10x/0.25, achondrite, breccia, LMScope, mars, Nikon D810, northwest africa, polarized, scope2, zerene stacker

NWA 11220 Meteorite Thin Section

NWA 11220 Meteorite Thin Section

NWA 11220 Meteorite Thin Section

What a fascinating meteorite! NWA 11220, just like the previously posted NWA 8171, is a Martian Basaltic Breccia. It shares many of the same characteristics and the clasts have similar appearances. In the thin section posted here, readers can explore some eerily “alien” features which seem unique to this particular class of Martian meteorites. The large inclusion on the left side of the thin section contains fascinating little globular specks. Additional clasts contain shapes and features which pose numerous questions, such as what kind of “natural” processes could have formed them? Enjoy!

Information on Martian Basaltic Breccias at Meteorite Studies.

Information on NWA 11220 and YouTube videos of a CT Scan of the meteorite.

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4x/0.25, LMScope, mars, Nikon D810, northwest africa, polarized, scope2, zerene stacker

NWA 8716 Meteorite Thin Section

NWA 8716 "Jrifiya" Meteorite Thin Section

NWA 8716 “Jrifiya” Meteorite Thin Section

Northwest Africa 8716, a.k.a. Jrifiya, is a brownish-yellow colored shergottite. In cross polarized light, the same brownish-yellow hue prevails and there are numerous phenocrysts which display beautiful zoning patterns.

Original slice (photos courtesy of ebay seller redfoxbat0):

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4x/0.25, achondrite, LMScope, mars, named fall, Nikon D810, polarized, scope2, zerene stacker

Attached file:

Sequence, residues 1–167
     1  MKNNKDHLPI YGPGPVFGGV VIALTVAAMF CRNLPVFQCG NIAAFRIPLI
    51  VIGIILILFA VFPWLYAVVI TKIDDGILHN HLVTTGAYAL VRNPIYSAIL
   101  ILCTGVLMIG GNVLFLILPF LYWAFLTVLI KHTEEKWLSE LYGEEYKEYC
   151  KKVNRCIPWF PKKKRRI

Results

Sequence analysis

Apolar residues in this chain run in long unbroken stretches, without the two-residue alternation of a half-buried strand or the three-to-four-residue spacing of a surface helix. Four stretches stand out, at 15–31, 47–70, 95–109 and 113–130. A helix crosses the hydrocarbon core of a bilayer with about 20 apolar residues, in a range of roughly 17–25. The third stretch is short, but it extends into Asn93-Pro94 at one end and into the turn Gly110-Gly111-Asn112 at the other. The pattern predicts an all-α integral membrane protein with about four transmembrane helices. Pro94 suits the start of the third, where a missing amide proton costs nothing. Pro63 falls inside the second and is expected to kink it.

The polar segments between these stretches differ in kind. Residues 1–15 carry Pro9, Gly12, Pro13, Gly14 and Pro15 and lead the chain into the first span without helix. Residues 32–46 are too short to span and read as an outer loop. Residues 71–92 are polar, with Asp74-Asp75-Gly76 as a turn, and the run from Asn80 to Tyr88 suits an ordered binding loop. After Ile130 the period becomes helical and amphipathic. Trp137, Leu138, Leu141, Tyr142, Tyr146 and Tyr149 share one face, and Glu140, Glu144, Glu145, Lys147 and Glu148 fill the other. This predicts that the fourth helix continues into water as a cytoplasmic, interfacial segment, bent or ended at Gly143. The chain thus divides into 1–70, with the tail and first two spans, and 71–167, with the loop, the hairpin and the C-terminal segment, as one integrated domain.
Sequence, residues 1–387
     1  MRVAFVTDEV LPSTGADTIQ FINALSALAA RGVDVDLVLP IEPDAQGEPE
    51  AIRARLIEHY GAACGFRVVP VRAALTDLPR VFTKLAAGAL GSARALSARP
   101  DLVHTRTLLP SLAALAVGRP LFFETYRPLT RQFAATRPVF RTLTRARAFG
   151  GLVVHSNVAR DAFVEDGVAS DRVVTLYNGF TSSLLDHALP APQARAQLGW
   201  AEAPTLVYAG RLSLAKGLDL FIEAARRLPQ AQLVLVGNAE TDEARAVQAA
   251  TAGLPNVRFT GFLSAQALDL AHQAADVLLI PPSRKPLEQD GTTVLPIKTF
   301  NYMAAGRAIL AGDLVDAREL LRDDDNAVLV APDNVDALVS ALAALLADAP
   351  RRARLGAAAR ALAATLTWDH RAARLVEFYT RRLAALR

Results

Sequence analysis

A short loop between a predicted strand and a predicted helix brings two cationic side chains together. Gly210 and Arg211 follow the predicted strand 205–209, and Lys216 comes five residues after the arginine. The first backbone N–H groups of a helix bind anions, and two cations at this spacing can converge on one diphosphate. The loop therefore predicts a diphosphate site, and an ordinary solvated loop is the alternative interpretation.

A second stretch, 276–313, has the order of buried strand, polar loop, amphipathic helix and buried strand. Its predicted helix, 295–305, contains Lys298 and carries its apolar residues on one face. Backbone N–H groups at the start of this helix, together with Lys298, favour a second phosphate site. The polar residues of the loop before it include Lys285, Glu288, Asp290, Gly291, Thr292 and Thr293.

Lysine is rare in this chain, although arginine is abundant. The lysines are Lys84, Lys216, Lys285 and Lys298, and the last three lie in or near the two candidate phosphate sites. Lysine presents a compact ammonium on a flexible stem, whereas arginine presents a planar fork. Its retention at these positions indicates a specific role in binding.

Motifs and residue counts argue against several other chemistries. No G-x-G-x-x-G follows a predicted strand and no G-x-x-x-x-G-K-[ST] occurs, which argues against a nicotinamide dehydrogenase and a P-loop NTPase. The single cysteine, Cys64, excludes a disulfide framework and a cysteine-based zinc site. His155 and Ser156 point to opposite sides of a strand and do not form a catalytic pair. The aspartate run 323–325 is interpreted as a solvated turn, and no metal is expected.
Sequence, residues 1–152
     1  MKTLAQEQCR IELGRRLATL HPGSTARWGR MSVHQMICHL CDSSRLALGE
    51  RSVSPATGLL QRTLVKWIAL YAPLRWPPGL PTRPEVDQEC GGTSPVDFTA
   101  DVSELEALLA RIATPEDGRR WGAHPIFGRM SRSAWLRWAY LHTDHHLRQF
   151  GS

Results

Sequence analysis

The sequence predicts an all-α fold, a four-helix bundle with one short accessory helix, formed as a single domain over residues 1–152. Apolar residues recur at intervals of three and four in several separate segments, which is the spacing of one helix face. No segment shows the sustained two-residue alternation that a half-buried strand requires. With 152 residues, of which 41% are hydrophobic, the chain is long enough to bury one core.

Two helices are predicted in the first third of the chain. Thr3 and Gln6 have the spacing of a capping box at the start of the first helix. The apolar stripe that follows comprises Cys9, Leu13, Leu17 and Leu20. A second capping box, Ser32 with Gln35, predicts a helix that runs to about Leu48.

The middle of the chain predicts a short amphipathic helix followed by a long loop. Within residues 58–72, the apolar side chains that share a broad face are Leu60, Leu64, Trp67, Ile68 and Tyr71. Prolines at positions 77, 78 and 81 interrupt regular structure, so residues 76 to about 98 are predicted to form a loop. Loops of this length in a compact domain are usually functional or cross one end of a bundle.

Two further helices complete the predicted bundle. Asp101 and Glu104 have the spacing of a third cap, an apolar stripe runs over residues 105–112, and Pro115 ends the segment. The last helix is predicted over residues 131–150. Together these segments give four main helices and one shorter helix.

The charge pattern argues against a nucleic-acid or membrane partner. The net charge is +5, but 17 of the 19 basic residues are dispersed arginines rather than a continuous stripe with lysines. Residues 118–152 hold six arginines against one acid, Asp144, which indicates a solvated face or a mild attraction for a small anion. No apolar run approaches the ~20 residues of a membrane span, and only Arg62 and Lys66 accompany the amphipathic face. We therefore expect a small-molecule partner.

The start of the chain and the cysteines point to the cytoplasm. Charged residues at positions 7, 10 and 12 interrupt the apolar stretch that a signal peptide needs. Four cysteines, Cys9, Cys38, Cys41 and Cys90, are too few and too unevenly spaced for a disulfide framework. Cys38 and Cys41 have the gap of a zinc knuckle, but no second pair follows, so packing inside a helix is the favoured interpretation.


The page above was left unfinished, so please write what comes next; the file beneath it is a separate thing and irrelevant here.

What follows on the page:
Tissint Meteorite Thin Section

Tissint Meteorite Thin Section

Tissint Meteorite Thin Section

The Tissint Meteorite was the first Martian witnessed fall since 1962. It is also special because the meteorite may contain carbon which has a biogenic origin. Under cross polarized light, thin sections of Tissint are a beautiful rainbow kaleidoscope of color in patterns similar to other Martian shergottites.

Photos of the fragment used to create thin section from Mr. Meteorite:

Video:

Tissint meteorite from London’s Natural History Museum

There are plenty of good research articles on the Tissint meteorite, here are just two:

NanoSIMS analysis of organic carbon from the Tissint Martian meteorite: Evidence for the past existence of subsurface organic-bearing fluids on Mars

The Tissint Martian meteorite as evidence for the largest impact excavation

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